What books do best
Re "Who needs books? All of us," Opinion, June 20
Susan Straight supports what many of us know from decades of teaching the classics in literature. The better we understand the struggles and triumphs and defeats of those who preceded us, the better we understand ourselves.
My students' appreciation for novels, poetry and drama has little to do with their (or the author's) gender or ethnicity or religious background. The books come alive for them because of what they discover about the unchanging human heart. Like the growth rings of a tree, each reading adds more substance, breadth and strength to their own experiences, and the layers continue to grow and expand as long as they do.
The writer is a professor of English at Citrus College.
This is one high school English teacher who says thank you, thank you, thank you for running Straight's wonderful essay.
I have noticed in recent years that my students seem more restless, and that my classes are personally less fulfilling. I realized it's because I'm trying to be a "good soldier" and adhere to an LAUSD-imposed timeline that makes us focus on "persuasive" and "expository" reading material with the rationale that this will make teens better thinkers and communicators.
This strategy works only sporadically. Do students need to be better critical readers and writers, more convincing in the arguments they make? Most definitely. Can nonfiction be mesmerizing? Yes, indeed. But I also know that we all need story, which is the soul-satisfying part — for me, anyway — of teaching English.
It is through reading splendid narratives that we experience revelations about our own lives. I've seen this time and again when my entire class becomes a community as they experience truth through fiction. My resolution as I teach summer school is to keep it full of story. Persuasion and exposition are going to have to fit in the cracks.
Lori Pike Uebersax
Restoring majority rule
Re "Ending the filibuster debate," Editorial, June 20
I had a good laugh when in your editorial you felt a need to point out that Richard Nixon was a Republican. Perhaps I am just getting old and many of your readers, especially the younger ones, would not know that.
As for me, I have consistently objected to the filibuster, regardless of who has been in the majority over the years: Republicans or Democrats, conservatives or liberals. That is in stark contrast to the many hypocrites that switch positions depending on who is in power or the particular issue.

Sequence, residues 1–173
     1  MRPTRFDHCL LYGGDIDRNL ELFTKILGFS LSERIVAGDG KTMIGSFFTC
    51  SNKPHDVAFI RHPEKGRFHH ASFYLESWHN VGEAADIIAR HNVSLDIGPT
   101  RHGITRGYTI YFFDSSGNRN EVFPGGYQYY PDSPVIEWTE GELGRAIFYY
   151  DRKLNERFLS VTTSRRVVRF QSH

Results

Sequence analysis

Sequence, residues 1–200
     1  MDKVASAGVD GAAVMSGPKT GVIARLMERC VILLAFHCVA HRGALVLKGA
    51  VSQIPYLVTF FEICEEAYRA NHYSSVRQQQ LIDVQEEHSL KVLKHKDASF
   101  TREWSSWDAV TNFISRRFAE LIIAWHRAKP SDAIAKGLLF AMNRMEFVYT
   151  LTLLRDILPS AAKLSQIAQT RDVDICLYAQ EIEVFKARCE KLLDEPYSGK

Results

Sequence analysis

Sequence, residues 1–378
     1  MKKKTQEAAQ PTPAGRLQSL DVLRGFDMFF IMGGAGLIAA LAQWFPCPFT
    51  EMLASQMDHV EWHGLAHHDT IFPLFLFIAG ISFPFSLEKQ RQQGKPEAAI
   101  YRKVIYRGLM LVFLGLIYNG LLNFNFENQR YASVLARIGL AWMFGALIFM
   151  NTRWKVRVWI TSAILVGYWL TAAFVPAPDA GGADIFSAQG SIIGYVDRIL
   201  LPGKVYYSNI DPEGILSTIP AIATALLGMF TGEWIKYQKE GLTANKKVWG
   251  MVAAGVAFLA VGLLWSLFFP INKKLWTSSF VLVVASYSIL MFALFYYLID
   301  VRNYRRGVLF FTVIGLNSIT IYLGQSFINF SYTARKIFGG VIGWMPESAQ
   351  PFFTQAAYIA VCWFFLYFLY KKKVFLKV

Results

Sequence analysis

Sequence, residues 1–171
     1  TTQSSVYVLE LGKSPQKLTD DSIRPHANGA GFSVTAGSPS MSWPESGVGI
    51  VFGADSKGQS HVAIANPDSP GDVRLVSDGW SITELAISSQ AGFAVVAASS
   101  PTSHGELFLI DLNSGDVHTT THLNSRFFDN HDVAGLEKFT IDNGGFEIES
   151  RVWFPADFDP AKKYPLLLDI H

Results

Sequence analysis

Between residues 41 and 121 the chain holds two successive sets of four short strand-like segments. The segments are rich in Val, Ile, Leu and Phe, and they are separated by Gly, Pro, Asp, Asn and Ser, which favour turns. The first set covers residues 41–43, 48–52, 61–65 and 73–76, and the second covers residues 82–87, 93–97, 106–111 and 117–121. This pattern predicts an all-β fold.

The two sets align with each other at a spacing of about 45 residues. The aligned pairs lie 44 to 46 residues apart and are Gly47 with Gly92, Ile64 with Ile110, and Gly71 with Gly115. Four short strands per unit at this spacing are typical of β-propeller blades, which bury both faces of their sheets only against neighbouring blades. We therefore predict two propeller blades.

The increased use of the filibuster in recent times is a testimony to past abuse by both sides and the strong grip political parties have on individual members who do not dare deviate from the party line.
John C. McKinney
I fervently agree with The Times. A minority should not find it so easy to unnecessarily delay the people's business.
Lowering the Senate requirement of 60 to 51 for ending a debate is the fairest way to curtail the excessive and often abusive use of the filibuster. It would more truly reflect the democratic principle of majority rule.
With equal fervor, I strongly condemn any aspect of voting for legislation that requires a two-thirds vote to pass. That means that a minority of 34% can hold the majority hostage on many issues. One of the basic tenets of our democracy has been that the passage of any laws should require a vote of 50% plus one.
The filibuster system and the two-thirds majority vote are two examples of the erosion of our democratic way of life. I would think all fair-minded citizens would agree.
Robert C. Lutes
Money exists for social programs
Re "How will we ever retire?," Editorial, June 19
What nonsense. There is enough money to fund Social Security and other social and environmental programs if we stop wasting trillions on unnecessary wars, for-profit healthcare, Wall Street bailouts, tax cuts for the wealthy and other forms of enriching the already rich.
I have been reading for years that the retirement of the baby boom generation will leave too many retirees to be supported by the Social Security and Medicare contributions of the working population. I would think that Americans who worry about the loss of a safety net would be anxious to welcome immigrants into the contributing classes to fill the void.
It puzzles me why more people do not support providing a path to citizenship for the many currently illegal immigrants who want to become a part of the country. Those people are their future source of security. They will buttress social support systems.
The clamor to throw them all out is not in the interest of current generations of workers in the U.S. Maybe that's why so many of the nativist faces I see at those rallies are older folks who are already retired and getting theirs.
Support for terror groups
Re "High court rules against advising terror groups," June 22